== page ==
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Can you be a great coach and have a losing record?

As a leader of a business team or technology team, does the end result justify the means? I often meet with business leaders who are focused on outcomes and many tolerate their flawed process because they are “good enough”. By what standard? How good is good enough?

This excerpt from “The Coach & The Geek – Building a Kick-Butt Culture” is about a key question when evaluating yourself and your organization. Are you and your team more focused on long term success or just short term winning? I believe every leader can benefit from this journey toward long term TEAM success versus short term winning. Short term winning is typically motivated strictly for selfish gain.

Take a few minutes to read this short excerpt from the book. Our main character and head basketball coach, Coach Woodward, called for an informal meeting with his staff. While you are reading, apply this conversation to you and your team:

This informal coaches’ meeting was one part of that strategy to better connect with his coaching staff each month. It was their bonding time, and time for Woodward to ask questions, get input, and have fun away from the office.

Once the banter subsided, Woodward spoke up, “Can you be a successful coach and have a losing record?”

Silence came across the room. Ron Marshall just smiled at Coach Woodward. Woodward already knew where Coach Geek stood on this issue. 

Jason thought about it for ten silent seconds, had an initial reaction, and said it out loud, “Is success winning or developing quality personal relationships?”

Coach Donnie Matta said, “Winning. We are paid to win.”

The old veteran, Coach Porter “Jake” Jacobsen, responded immediately, “I got into coaching to make a difference. Yes, I want to win but I love to teach, mentor, make a difference in young men’s lives. I’ve been hired and fired, and I have learned to never fear being fired. I learned that the relationships you build are the lasting reward of coaching, not the wins and losses.” 

Matta nodded his head and reflected on that answer. Coach Matta had played at Kentucky, Big Blue Nation, where winning was everything. He was a Division 1 animal who was hyper competitive. He respected Coach Jake a lot and he always wondered why the players loved Jake so much. Now he knew.

Coach Woodward then spoke up, “Professionally, it states right in my contract that winning is important and I, no we, will be evaluated on wins and losses. There are some other areas mentioned around academic performance, etc. but we all know the reality of this business.”

“It’s not fair to be evaluated only on wins!” said Coach Matta.

Woodward responded in a thoughtful and measured tone, “Donnie, you’re funny. You just said a coach is not successful unless they win.”

“Yeah but…,” Matta stopped. He knew he was wrong. 

Coach Woodward looked every man in the eye and said, “Look, we are in this together. We have three conference games left and then the conference tournament. Are we going to become frauds like I was earlier in the year, breaking our huddles with ‘1-2-3 WIN!’ Or, are we going to continue to build a culture of WE? Are we willing to trust our process and break old selfish habits? Are we willing to battle down the stretch for each other? Are we willing to stay true to our new culture both on and off the court, and create even better bonds with our players?”’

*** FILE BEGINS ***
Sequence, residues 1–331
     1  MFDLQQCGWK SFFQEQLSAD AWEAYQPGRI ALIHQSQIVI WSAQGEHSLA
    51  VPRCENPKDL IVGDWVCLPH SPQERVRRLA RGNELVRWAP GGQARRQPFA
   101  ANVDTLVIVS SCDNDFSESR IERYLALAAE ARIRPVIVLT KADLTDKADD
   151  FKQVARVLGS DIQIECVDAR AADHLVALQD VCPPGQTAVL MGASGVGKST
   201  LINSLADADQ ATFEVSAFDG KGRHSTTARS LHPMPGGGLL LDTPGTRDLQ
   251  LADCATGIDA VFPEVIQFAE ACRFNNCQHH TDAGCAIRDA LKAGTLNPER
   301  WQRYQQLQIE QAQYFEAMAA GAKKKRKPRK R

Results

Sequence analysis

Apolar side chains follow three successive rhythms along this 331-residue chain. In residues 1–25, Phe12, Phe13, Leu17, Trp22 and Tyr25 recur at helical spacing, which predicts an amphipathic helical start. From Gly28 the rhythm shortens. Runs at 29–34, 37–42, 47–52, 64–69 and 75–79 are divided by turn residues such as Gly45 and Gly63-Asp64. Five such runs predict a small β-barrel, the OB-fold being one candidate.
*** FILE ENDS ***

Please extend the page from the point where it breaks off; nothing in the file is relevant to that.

The answers to all of Woodward’s questions were clear. While winning is important, investing in the player’s lives and learning from team lessons that would become life lessons would be their focus. Their collective measure of success now, and moving forward, would not be winning, or losing. The wins and losses would take care of themselves. Now the coaching staff and players would need to trust each other, trust their process and either win or lose, TOGETHER!

This is a lesson for every leader. While you always want your leaders and team striving to win, every now and then they need to be reminded of the process it takes to be successful, not just win. Does your team blame other colleagues or entire business units when a project goes south?

As a former coach there is one thing I can guarantee; there will be mistakes. The key is to be open about those mistakes, learn from them, hopefully self-correct, and apply lessons learned to avoid repeating the same mistakes.

This dynamic of recognizing weaknesses and self-correcting never happens by accident. Systemic failure will continue until the system is fixed.

At Lighthouse Technologies we are often called on to assess teams and processes. We often encounter managers who really want to win but are not willing to explore better processes to ensure long term success. We see managers who are willing to accept their own status quo because it is their status quo. Some are unwilling to explore ways to get better, especially from outsiders who might make them look bad. At least that is their fear.

Real coaches do not coach from a place of fear. Real coaches want their team to improve every day in every way. Real coaches want to be assessed individually and as a team. Real coaches want the truth because the truth breeds long term solutions. If you want the truth about how to build long-term trust, create processes for accountability, learn how to better communicate, and how to build positive team behaviors, then let’s talk.

Contact me directly if you would like to visit:

Mark Adams

VP of Client Success

madams@lighthousetechnologies.com | 937.458.0055

The Coach and The Geek

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